Raised in South Wales and now based in Berlin, Katy Lane has carved a niche for herself as a photographer with an eye for drama in otherwise mundane situations. Her candid work documents the lives of her closest friends and family in a journal style of photography that is intimate and warm, inviting you to peek behind the curtain, uncovering sides you don’t often get to see. That Lane’s close friends and family are among the most intriguing, iconic musicians alive – Lane is married to Brian Jonestown Massacre leader Anton Newcombe – makes her series of portraits resonate with that bit more of a frisson.
The autobiographical work of Lane’s journals details her experiences collaborating with and living around the various members of The Brian Jonestown Massacre, and the assorted musicians who gravitate to her husband’s studio in Berlin: among them the Canadian musician Rishi Dhir, of the band Elephant Stone, and Italian singer, actor and director Asia Argento. Vocalist and frequent collaborator with Newcombe, Tess Parks, has become a close friend of Lane’s as a result, leading to a remarkably personal and moving set of images that have found their way into Lane’s burgeoning portfolio.
With her new book of Polaroids, Someplace Else Unknown, set for release in the new year, Lane will be exhibiting a collection of her pictures for the first time in the UK at Bold Street Coffee during December. We caught up with her in advance to try and uncover some of the insight that goes into her art.
Why do you use film?
To put it simply, I just prefer it! I started off using an Olympus film point-and-shoot when I was about 14, before switching to digital when I was a little older. I then used both when I was in art school, figuring out how to use a Canon AE-1 and develop my own photos in the darkroom. I did use my digital Canon on the first BJM tour I went on, but I soon realised my film photos far surpassed anything I’d shot with my digital. It’s made me a better photographer in my opinion – you learn to make every frame count.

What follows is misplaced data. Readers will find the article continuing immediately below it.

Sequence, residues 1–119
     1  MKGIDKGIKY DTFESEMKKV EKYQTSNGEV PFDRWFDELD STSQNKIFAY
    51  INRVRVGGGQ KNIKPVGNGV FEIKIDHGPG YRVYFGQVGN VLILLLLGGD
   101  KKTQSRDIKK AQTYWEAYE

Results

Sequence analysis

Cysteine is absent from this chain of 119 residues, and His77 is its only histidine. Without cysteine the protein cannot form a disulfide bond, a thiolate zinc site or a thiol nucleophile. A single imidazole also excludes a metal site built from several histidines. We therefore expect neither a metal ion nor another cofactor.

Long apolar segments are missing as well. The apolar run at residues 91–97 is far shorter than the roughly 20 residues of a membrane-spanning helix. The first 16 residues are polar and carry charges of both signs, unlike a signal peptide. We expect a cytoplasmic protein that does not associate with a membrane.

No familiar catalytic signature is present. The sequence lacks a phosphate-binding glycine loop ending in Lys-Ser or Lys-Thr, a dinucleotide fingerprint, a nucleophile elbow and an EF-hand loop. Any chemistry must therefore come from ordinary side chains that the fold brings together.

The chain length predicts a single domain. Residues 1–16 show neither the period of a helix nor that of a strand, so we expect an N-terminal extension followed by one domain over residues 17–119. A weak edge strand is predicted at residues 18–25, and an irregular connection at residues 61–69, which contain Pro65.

What made you decide to use photography as a way of documenting your experiences?
I always wanted to pursue a career in art of some kind, before really getting interested in photography as a young teenager, and coercing my friends into being my subjects for various projects. Then I left art school, fell in love with a musician and went straight into touring and travelling, so I continued to photograph my life and the lives of everyone around me. I’m surrounded by creativity in my day to day life, so I feel it’s important to freeze these moments in time. It has always seemed natural to me, in the same way as keeping a journal.
How does your approach change between working on specific projects and photographing for pleasure?
I would say my approach doesn’t change at all. I don’t like to stage photos, and want them to be as natural as possible, even when the subject knows I’m taking pictures of them, I just adapt to my surroundings.
Do you feel it’s better to have a close relationship with the person you are photographing?
I would say yes because the person feels comfortable with you, and will let their guard down, which is especially important for me because I love candid shots. For instance, my friend Tess is one of my favourite people to take pictures of, and because we know each other so well, we work great together. Again, I take so many photos of my husband because I get to see a side of him everyone else doesn’t get to see. Mostly everything I’ve done up until this point has been documentary, but I am pushing myself to do more with people I don’t know. I don’t want to get too comfortable myself, and it’s so important to have new experiences with new people.
Photography allows you to see the world through another’s eye. What do you want to show viewers about your world and how you experience it?
This is quite a tricky question for me to answer, because when I take photos I don’t specifically set out to show them to anyone in particular. I’m quite a private person so I’m constantly struggling with how much I let people into my world, so to speak – I share very little. I have just finished my first zine though, which, in a way, is like a holiday family album. It has definitely inspired me to make more, and I already have an idea of the next one mapped out.
Someplace Else Unknown opens at Bold Street Coffee on 1st December and runs until January. There will also be a launch party for the exhibition on the evening of 18th December, featuring DJ sets from Bido Lito! and Carl Combover.